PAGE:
Network Cards

Discussion in 'General Hardware' started by Nightwolf, Dec 8, 2012.

  1. Nightwolf

    Nightwolf Member

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    Looking for a cheapish but reliable wireless network card or usb have seen a few around was wondering if anyone has used any of these & their thoughts on it, it will only be used on a non gaming pc so basically facebook, emails general internet usage & download & uploads

    TP-LINK TL-WN721N USB

    TP-LINK TL-WN781N Card

    TP-LINK TL-WN821N 300Mbps USB

    D-Link DWA-525 Wireless N Card
     
  2. AC_Avatar100400

    AC_Avatar100400 Master Guru

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    Hay man i would say the TP-LINK TL-WN781N Card is the best option.
    I highly sugest it and have used it in work for many client pc builds.
    If you want a review and why its so good check here
    https://www.youtube.com/watch?v=kzFU0NCEtNo.
    Hope its okay to post a vid link :) enjoy.
     
  3. thatguy91

    thatguy91 Ancient Guru

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    Whether you go with USB or a card depends on reception. A card is generally 'better', but a USB dongle you can place wherever gets you the best signal with the use of a USB extension cord.

    Wireless dongles can be a little tricky. Some which supposedly have good reception don't, and there also seems to be a big difference in the reliability of different wireless chipsets (Realtek, Atheros, Ralink etc). Atheros are a real pain to get drivers for, in most likelihood you will be stuck with an old driver. Realtek and Ralink update their drivers periodically. Out of the two, Ralink is probably the better one.

    A good chipset doesn't mean a good signal. TP-Link are quite decent signal wise, with the TL-WN821N probably being the best option out of those listed. Even though the wireless antenna is internal, it has a much better signal than some known brands even if they do have external antennas.

    Funnily enough, I have found the best adaptors signal wise can be found on Ebay.

    The Edup EP-1552 is pretty good value:
    http://www.ebay.com.au/itm/EDUP-EP-...SB_Wi_Fi_Adapters_Dongles&hash=item25766a35a7
    or
    http://www.ebay.com.au/itm/EDUP-EP-...69275798?pt=AU_Components&hash=item19d648c596

    I have no idea about those sellers, only that the product is quite reasonable. This is a product that you have to use an extension cable with (provided), as it's designed to be placed in the best signal location.
     
  4. thatguy91

    thatguy91 Ancient Guru

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    AC_Avantar100400 is correct, if the router is nearby or doesn't have too many obstacles in the way. The issue when the router doesn't have good reception, or if there is some distance or obstacles in the way, is that the antennas are fixed at the back of the card. Sometimes this location can be very bad for signal. I should have said the USB options I suggested off Ebay are for where signal strength may be an issue.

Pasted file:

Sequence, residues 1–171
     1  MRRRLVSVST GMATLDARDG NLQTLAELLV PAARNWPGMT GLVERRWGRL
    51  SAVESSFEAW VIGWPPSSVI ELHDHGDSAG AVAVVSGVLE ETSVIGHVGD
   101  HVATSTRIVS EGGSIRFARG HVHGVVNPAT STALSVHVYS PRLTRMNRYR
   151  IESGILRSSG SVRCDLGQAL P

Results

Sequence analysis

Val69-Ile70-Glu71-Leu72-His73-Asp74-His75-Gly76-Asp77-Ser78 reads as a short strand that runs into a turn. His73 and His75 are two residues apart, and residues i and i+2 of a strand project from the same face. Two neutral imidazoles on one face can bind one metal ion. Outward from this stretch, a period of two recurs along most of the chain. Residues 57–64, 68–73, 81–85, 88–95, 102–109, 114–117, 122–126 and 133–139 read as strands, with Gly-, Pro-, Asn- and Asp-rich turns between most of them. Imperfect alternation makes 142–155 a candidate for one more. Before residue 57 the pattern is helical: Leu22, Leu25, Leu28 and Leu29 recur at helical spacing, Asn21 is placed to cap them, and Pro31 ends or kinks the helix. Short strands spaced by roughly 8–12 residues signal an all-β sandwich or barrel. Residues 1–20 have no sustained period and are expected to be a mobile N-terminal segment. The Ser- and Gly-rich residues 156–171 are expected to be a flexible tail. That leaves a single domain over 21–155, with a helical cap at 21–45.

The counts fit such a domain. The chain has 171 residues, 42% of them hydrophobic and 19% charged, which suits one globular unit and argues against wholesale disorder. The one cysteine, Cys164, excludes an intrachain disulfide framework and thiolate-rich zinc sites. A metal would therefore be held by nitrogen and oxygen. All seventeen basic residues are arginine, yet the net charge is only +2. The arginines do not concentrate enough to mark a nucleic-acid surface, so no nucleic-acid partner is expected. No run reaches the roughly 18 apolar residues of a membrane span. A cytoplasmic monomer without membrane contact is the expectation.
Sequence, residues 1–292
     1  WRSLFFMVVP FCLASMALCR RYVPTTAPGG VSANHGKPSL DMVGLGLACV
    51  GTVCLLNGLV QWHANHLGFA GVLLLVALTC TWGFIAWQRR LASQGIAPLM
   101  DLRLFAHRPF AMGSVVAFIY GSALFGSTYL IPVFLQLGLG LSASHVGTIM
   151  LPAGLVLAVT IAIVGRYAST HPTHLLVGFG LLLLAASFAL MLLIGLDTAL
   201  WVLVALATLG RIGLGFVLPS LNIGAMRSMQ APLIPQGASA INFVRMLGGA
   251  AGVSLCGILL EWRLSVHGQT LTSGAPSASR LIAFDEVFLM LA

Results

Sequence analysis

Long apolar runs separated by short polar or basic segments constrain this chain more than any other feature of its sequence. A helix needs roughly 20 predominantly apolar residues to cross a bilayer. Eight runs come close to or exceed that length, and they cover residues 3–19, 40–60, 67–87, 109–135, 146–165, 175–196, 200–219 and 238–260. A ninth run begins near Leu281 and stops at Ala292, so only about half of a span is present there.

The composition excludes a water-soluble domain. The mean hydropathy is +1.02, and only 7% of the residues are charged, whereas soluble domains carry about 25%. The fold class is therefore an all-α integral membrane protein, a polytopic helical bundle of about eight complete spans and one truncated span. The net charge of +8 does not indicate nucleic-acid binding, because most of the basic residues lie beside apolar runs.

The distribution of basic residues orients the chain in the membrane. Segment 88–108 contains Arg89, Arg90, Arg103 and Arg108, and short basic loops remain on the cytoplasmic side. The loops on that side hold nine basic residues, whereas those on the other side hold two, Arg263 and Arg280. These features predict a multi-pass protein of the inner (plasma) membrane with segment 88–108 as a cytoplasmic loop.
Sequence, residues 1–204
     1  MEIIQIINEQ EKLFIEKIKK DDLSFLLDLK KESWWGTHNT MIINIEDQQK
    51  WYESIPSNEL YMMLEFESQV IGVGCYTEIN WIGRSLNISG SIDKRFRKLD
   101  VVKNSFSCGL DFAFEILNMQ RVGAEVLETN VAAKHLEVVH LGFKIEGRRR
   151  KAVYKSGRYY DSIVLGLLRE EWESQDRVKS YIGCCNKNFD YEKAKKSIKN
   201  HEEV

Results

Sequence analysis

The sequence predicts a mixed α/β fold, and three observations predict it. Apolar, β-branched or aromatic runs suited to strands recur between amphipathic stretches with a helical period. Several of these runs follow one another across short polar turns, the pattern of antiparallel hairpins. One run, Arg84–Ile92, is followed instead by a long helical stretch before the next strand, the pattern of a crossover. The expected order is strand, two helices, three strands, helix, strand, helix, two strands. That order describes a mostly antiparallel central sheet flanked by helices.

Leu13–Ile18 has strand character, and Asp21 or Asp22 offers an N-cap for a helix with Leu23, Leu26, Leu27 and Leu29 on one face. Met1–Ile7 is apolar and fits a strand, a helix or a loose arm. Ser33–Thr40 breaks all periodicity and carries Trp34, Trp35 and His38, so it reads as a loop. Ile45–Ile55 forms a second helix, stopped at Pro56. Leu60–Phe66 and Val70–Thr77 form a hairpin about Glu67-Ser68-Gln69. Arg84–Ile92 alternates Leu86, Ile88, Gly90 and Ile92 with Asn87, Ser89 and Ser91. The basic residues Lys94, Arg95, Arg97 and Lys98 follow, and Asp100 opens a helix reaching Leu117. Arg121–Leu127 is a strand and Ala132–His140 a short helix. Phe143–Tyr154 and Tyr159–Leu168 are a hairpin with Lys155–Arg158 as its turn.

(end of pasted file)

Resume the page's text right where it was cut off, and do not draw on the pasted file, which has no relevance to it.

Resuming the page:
Remember even with 802.11N that does up to 300MBPS, it does choose a lower speed rate depending on signal. You don't really want to be running the card at say, 54MBPS because it does actually noticeably decrease performance (definitely not suitable for online gaming).
     

  5. tweakpower

    tweakpower Banned

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    Some of the USB cards tend to use CPU more, i would stay away from them, TP-LINK all the way, as suggested.
     
  6. thatguy91

    thatguy91 Ancient Guru

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    The USB ones do, but it's negligible. The PCI-E cards may have access to networking and offloading efficiency things. With wireless you won't get the full transfer speed anyway, so computer 'stress' is minimal. If you were using Gigabit (or higher) ethernet then these would be very important!

    The issue with PCI-E cards is the aerial's are where they are, you can't move it half a metre to a better signal spot if required. Laptop's have the same issue though of course! In all likeliness if you are just web browsing you may just notice a bit of a delay on some pages if the signal is weak, but anything more than that (home networking, etc), the signal strength and quality is a definite consideration.
     
  7. Nightwolf

    Nightwolf Member

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    how are they on range ive just spent the day moving furniture all over the place & my gateway is now on the bottom floor & the pc's are now on the second floor
     
  8. tweakpower

    tweakpower Banned

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    To be honest, i would go with wired network for home/office env. Even when is just surfing in case, also, it have advantage over wireless for data transfer and local networking.

    Get a nice router or switch, and wire things trough wall installation. We have 8 PC's wired in LAN, and would never use wireless, few of them over 170m total (less then 100m to switch), but that's just me.

    And you can enable wireless for mobile devices or/and non static laptops, so it's win all the way.
     
    Last edited: Dec 8, 2012

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